What you will study
Throughout the module you will find a strong emphasis on law in context. This includes analysis of the interaction between law and the political, cultural and social contexts in which we live today as well as examination of these context from historical perspective. As you work through the module you will be increasingly prompted towards recognising, examining, questioning and challenging in-depth these legal contexts using your own legal reasoning.
The module is divided into four blocks:
Block 1: Gender, sexuality and law
This theme will look at the relationship between gender and law as well as sexuality and law. It will challenge the existing assumptions about the neutrality of law and it will explore the gendered nature of law, asking how does/should the law regulate and construct gender. Questions of how law interacts or should interact with the changing social concepts of gender and sexuality will also be addressed. In the final unit of the block you will focus on challenging the gender stereotypes and assumptions regarding female perpetrators and their treatment in the criminal justice system (in the UK and in international context).
Block 2: Media, Internet and law
In this part of the module, you will critically consider the ever-increasing impact of the Internet on the legal regulation of cyberspace, the media and freedom of expression. In modern society, the Internet has become a part of everyday life, with millions of people actively participating in online spaces on a daily basis. The Internet has also become a space where political, economic and cultural views are expressed, including social and political protests. However, the increased online participation of users and its diverse nature has provoked questions about the legal regulation of online spaces. You will be challenged to think critically about the legal implications of people’s participation in online spaces in contexts of human rights (freedom of expression), privacy and surveillance as well as the overall question of the legal regulation of online space.
Block 3A: Law and humanities
This block explores law in the context of humanities. Throughout this block, a sub-theme of Nazi Germany is adopted to provide you with concrete examples from a particular time period to explore the connections between the law and three key topics: the visual, language, and cultural property.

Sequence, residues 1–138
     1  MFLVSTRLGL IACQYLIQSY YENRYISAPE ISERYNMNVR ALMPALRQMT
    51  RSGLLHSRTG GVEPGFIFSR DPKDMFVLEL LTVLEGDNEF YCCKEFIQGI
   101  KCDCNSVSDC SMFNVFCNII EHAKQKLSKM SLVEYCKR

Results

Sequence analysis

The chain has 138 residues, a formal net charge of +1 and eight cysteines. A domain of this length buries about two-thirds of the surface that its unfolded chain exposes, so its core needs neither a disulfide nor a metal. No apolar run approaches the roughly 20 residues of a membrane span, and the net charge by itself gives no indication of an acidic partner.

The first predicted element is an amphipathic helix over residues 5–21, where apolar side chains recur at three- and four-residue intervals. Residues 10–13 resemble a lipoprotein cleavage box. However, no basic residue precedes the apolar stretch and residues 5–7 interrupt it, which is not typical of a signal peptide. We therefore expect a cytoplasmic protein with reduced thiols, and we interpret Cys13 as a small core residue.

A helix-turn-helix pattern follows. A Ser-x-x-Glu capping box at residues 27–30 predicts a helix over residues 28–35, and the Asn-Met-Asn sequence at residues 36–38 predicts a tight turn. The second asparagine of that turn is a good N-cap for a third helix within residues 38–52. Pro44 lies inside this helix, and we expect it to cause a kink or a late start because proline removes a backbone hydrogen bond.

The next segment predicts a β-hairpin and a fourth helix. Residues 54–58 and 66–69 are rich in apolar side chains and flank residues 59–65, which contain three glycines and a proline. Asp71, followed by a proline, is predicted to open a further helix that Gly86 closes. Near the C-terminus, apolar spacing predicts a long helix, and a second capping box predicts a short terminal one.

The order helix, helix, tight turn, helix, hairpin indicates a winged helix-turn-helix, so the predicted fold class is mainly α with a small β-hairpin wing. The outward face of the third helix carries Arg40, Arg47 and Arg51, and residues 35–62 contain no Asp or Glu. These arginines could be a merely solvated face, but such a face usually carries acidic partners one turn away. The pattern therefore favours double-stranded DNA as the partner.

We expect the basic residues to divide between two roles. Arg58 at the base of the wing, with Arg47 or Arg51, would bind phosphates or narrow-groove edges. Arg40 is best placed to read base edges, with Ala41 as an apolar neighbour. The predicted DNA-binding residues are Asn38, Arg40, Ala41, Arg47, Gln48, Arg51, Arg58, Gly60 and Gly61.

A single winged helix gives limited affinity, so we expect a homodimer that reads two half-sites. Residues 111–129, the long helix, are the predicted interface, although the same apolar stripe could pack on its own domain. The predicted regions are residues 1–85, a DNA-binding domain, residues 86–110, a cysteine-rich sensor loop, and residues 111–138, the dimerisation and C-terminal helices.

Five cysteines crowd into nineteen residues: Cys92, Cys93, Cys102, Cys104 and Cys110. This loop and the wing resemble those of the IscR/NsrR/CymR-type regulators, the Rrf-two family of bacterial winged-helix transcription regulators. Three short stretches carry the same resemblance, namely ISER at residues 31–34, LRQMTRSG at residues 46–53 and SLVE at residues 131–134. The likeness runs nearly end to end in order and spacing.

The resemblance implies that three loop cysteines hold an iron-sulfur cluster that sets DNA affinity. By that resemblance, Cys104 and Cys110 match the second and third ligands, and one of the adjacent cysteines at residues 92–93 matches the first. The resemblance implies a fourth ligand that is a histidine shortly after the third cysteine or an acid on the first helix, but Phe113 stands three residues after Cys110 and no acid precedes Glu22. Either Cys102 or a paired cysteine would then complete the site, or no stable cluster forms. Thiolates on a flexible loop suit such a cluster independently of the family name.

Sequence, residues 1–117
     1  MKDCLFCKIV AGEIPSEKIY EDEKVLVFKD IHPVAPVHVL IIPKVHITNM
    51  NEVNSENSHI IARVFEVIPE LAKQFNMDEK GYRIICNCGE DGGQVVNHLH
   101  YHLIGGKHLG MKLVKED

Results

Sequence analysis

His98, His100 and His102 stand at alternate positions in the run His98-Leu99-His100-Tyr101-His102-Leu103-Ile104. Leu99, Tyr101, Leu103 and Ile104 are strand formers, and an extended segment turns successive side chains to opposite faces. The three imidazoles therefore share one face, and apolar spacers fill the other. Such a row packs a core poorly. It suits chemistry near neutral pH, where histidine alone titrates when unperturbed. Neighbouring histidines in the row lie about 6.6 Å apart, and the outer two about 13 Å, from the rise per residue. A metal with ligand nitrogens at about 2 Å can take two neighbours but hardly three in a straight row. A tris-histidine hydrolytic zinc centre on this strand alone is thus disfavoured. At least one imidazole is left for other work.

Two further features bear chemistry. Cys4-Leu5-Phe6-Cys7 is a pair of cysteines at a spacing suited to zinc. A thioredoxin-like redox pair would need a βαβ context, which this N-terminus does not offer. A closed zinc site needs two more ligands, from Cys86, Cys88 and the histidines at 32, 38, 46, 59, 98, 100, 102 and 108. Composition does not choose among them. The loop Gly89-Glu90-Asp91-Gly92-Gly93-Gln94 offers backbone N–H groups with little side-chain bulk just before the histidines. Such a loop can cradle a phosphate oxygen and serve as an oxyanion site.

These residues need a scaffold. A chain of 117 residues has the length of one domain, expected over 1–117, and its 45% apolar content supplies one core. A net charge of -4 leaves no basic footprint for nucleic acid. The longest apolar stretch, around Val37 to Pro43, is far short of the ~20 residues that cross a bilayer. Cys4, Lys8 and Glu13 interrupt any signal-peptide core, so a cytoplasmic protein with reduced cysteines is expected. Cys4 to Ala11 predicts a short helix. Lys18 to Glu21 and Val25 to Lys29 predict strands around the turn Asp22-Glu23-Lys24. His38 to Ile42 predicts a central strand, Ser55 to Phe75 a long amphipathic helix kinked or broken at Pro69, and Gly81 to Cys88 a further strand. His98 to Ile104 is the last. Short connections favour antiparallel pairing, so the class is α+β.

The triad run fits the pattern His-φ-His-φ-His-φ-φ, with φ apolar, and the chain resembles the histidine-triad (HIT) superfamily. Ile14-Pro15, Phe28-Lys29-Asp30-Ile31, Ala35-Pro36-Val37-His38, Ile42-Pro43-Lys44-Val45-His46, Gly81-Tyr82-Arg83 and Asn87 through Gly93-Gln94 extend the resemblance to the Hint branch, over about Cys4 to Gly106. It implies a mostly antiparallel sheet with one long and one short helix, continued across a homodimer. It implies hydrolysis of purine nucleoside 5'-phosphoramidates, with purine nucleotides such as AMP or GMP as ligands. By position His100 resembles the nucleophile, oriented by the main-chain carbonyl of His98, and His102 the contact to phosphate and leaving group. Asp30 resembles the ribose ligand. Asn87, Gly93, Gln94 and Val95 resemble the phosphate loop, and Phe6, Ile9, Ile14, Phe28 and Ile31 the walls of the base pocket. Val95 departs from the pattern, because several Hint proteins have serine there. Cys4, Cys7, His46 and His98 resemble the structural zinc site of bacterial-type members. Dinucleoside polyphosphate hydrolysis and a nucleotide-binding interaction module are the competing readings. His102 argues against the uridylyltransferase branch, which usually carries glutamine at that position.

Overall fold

Starting with critical inquiry into how symbols, emblems, heraldry etc. was used by the Nazis in relation to and in accordance with the law to support and promote their ideology in the lead-up to WWII, you will proceed to explore the language used in the legal texts of this historical period. Finally, you will explore the legal issues surrounding cultural property of this period, the development of the international framework on protection of cultural property as well as the topic of return of cultural property after the war.
Block 3B: Law and sciences
In this block, you will critically engage with issues arising in relation to the impact of sciences and developing technology on law. Starting with an exploration of the legal consequences of the use of robotics in various spheres of life, you will proceed to engage with the impact of cognitive neuroscience on law. In particular, you will have an opportunity to critically explore the question of how our sense of being an agent is viewed by the law when it determines criminal responsibility. Finally, the impact of “neurolaw” on the law of evidence will be addressed.
You will study three out of these four themes. In the latter part of the module, you will have an opportunity to choose the final block that you will study, i.e. ‘Law and humanities’ (Block 3A) or ‘Law and sciences’ (Block 3B). The final piece of assessment, which takes a form of a research essay, will be on the topic of the theme of your choice.
If you are intending to use this module as part of the LLB, and you hope to enter the Legal Professions, you should read carefully the careers information on The Open University Law School website. There are different entry regulations into the legal professions in England and Wales, Scotland, Northern Ireland and the Republic of Ireland. You should read the information on the website as it is your responsibility to ensure that you meet these requirements.